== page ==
Saturday, 2 August 2008


A few years ago I spent three weeks eating, drinking and merrying my way around Europe on a road trip taken with my very enthusiastic then boyfriend. The places which stood out for their sublime eateries were St Emillion; a somewhat random campsite in the middle of Turin owned by a big mad Italian Mama whose restaurant served the most delicious antipasti I have ever tasted; and Barcelona, where the tapas bars mercifully bear little resemblance to many of the lack lustre poor imitations we have over here.

Considering the plethora of such restaurants in the UK and our apparent fondness for this 'small plate' style of dining, it is surprising that the Italian concept of the enoteca has eluded us. Literally meaning 'wine library', enoteca is an Italian word describing a very specialist wine shop which often also offers a bite to eat - the idea being that there are small plates of food available to the serious wine connoisseur sampling said wines. The recently opened Italian Caffè Enoteca in Glasgow's Albion Street has taken this concept and tweaked it to place as much importance on the small plates of food as on the wine.

It was when working in Glasgow last week that I was initially seduced by the beautifully designed interior: sleek wood panelled walls compliment fern green upholstery of the booths, and a marble lamp-lit bar begging to be propped by hungry diners. It's clear to see there were no corners cut in the snagging.

It was Wednesday evening and every table was full - a good sign surely? We were seated at the bar which afforded us a clear view into the open kitchen where the three chefs - while clearly busy - worked calmly and without any visible dramas. As the enoteca name would suggest, the wine selection is vast, offering over fifty mostly Italian wines. When asked to recommend a dry white, the waitress suggested an Orvieto which was spot on. But do not let the excellent wine be a distraction from the food menu of piatti picolli. The selection of vegetarian plates is extensive enough to keep the most prolific of herbivors happy, and the finocchi gratinati was no exception: fennel baked with butter and parmesan until tender; and the artichokes marinated in olive oil, garlic, lemon and parsley were some of the best I've eaten - including those from the Turin campsite restaurant.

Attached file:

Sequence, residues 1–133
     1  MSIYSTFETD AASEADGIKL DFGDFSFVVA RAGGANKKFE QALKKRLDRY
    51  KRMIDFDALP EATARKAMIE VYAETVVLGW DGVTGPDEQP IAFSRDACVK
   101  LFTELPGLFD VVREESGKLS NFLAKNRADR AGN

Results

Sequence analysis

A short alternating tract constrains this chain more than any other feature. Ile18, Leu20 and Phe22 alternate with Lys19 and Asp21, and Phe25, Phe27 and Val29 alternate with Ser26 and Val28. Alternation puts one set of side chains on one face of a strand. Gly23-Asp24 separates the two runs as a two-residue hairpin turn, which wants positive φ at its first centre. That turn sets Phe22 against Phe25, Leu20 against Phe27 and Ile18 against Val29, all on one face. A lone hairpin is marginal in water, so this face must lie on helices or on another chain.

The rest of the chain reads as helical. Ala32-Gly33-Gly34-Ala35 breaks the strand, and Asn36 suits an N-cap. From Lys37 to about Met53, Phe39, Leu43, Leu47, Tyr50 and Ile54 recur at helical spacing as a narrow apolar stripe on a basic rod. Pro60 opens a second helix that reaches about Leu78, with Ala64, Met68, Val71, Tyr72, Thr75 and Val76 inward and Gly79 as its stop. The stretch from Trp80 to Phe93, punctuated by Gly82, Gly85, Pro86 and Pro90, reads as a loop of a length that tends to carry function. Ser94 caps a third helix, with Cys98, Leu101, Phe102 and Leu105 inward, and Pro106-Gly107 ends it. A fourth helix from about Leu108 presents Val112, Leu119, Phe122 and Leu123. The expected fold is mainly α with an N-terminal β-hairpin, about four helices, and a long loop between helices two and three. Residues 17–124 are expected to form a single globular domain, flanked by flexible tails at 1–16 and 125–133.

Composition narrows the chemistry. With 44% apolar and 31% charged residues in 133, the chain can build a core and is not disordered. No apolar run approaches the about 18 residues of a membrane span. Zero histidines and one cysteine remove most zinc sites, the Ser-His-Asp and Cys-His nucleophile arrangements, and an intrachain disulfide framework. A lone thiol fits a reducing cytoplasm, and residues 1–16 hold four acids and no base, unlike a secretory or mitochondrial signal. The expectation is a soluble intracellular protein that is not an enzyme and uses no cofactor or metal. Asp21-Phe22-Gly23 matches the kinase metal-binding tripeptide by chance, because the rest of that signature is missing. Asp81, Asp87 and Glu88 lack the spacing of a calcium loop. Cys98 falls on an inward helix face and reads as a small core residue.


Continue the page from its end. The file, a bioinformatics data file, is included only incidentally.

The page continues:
Langoustines baked in their shell with garlic until sweet and buttery sat alongside the impressively named 'salsiccia piccante con fagioli e sugo di pomodoro' or 'spicy Italian sausage with fagioli beans in tomato sugo' and was equally impressive in taste. The ossobuco alla milanese was meltingly tender and came complete with marrow filled slice of bone.

Though my dining partner had to admit defeat, my dessert of choice was affogato: homemade vanilla ice cream literally 'drowned' in a freshly brewed espresso. The bill coming in at under £50 was an astounding end to such an excellent and memorable meal, the effect of which was to render me full and deliriously happy.

It is worth pointing out that during our meal no less than two diners approached the kitchen to offer their compliments to the chefs. By the time I left I was considering offering them my first born. It's fair to say this enoteca will be top of my to do list next time I'm in Glasgow.

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